MONDAY, Easter week six
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The Responsorial Psalm tells us how God feels about us: “The Lord takes delight in his people” (Psalm
149). We need to accept and rejoice in this.
In Acts 16: 11-15 a woman whom the missionaries had just met, Lydia, invites them to stay at her home: “If you are convinced that I believe in the Lord, come and stay at my home.” And the apostles did.
This reminds us of Jesus’ promise: “Those who love me will keep my word, and my Father will love them, and we will come to them and make our home with them” (John 14:23).
This is a pretty clear affirmation of the Responsorial Psalm: “The Lord takes delight in his people.” But can you believe the Lord takes delight in you personally? That it fills him with joy to “make his home” in your heart? Or do you believe he is just there because he “has to” be, out of duty to us as God and Savior, the way some people go to Mass just because they “have to”?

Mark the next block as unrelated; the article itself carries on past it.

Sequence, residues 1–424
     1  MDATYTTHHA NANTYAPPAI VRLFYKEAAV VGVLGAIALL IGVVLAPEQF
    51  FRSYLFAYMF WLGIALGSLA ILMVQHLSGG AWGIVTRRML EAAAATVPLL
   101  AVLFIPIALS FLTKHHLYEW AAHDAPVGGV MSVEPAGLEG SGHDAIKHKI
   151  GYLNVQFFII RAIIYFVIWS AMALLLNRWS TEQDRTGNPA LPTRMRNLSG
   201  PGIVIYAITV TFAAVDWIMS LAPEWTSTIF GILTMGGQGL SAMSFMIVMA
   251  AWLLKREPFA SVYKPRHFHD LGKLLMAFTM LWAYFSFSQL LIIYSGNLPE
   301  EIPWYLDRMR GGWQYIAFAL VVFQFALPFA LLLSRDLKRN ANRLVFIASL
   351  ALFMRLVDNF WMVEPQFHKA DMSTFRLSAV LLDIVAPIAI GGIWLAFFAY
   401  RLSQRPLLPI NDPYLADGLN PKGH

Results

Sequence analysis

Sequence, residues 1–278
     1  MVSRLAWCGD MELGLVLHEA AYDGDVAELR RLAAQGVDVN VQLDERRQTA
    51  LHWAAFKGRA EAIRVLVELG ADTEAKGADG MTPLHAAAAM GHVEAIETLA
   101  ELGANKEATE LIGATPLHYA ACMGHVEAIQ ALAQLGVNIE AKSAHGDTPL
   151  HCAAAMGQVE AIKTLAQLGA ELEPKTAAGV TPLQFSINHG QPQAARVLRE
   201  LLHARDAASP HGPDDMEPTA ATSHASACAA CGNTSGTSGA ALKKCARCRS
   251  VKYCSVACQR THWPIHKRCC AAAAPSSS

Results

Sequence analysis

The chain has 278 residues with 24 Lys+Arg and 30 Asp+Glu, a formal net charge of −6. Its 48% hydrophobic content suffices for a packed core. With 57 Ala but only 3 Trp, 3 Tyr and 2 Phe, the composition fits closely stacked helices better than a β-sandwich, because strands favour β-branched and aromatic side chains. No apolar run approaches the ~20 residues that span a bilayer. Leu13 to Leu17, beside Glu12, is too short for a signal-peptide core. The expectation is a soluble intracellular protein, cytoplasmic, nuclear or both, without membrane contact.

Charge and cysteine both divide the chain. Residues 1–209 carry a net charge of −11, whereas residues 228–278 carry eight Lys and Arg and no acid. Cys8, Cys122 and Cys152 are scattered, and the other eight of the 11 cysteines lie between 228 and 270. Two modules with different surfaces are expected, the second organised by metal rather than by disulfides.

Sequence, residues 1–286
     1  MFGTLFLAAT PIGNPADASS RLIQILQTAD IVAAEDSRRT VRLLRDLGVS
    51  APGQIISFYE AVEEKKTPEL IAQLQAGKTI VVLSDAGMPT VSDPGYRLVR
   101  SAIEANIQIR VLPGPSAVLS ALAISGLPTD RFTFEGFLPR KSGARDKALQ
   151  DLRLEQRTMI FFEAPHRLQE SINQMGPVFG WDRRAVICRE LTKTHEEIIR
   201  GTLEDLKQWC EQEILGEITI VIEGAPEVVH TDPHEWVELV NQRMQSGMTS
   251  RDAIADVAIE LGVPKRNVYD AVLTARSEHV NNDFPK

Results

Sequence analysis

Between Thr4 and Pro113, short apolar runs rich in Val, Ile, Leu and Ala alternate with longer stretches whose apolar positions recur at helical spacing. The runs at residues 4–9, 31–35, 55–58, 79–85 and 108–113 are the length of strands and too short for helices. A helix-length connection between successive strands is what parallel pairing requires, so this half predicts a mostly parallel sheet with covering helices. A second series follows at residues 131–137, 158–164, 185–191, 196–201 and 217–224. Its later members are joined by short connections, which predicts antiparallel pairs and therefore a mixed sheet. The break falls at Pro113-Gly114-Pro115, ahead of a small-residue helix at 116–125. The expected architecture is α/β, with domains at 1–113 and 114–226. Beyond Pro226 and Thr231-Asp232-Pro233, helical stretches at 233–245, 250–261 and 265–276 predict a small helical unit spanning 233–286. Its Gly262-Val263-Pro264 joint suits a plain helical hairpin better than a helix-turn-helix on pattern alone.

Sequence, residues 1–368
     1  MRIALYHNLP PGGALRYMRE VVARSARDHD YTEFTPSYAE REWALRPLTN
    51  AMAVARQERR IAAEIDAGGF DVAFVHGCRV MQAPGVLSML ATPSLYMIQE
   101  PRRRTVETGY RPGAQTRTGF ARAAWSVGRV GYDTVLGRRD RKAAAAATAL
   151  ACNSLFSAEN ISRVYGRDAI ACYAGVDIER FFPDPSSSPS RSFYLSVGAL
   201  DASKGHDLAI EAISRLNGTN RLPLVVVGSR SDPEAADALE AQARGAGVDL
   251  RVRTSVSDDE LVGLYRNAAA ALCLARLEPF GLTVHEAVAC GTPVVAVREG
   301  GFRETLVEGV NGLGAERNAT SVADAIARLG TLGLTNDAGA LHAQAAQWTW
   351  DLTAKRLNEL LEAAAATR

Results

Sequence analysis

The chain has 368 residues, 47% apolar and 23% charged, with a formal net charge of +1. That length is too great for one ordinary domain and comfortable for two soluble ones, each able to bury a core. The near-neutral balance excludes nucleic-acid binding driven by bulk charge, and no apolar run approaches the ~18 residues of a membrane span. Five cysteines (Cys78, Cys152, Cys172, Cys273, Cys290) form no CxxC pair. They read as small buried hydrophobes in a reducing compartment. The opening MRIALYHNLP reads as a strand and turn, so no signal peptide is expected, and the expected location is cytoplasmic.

Actually, those who come to church out of a sense of obligation are more likely to think God dwells in their hearts for the same reason. If we don’t take delight in him, we will find it hard to believe that he really takes delight in us. Then something important is lacking in our relationship. There is no joy.
John 15:26 to 16:4 does not say God only takes delight in us if we are working for him by bearing witness. But if we do take delight in him, it is a sure thing that we will bear witness. Jesus said “the Spirit of truth who comes from the Father… will bear witness on my behalf.” Why? Because the Spirit has been with Jesus, God the Son, from the beginning. He knows Jesus, loves him, appreciates so much what he is that he cannot help witnessing to him. And Jesus says the same of his apostles: “You must bear witness as well, for you have been with me from the beginning.” They cannot help proclaiming the Good News, the gift that Jesus is, and the gift that the Spirit is — because they have experienced their goodness. They are overwhelmed by it. The same should be true of us.
What if we don’t feel overwhelmed with the joy of the Good News, the joy of knowing Jesus and knowing his love? What if we have not experienced the Spirit as Gift? Could it be because we are not loving God consciously? Because the Good News has become for us just a “religion” in the sense of a system of obligations? If so, we need to consciously take delight in God — Father, Son and Spirit — and in his indwelling presence in our heart. We need to remember, to sing and celebrate. As we bear witness to others, the Spirit will bear witness to us.
Take Initiative: Be a prophet. Where you don’t find joy, put joy, and you will find it.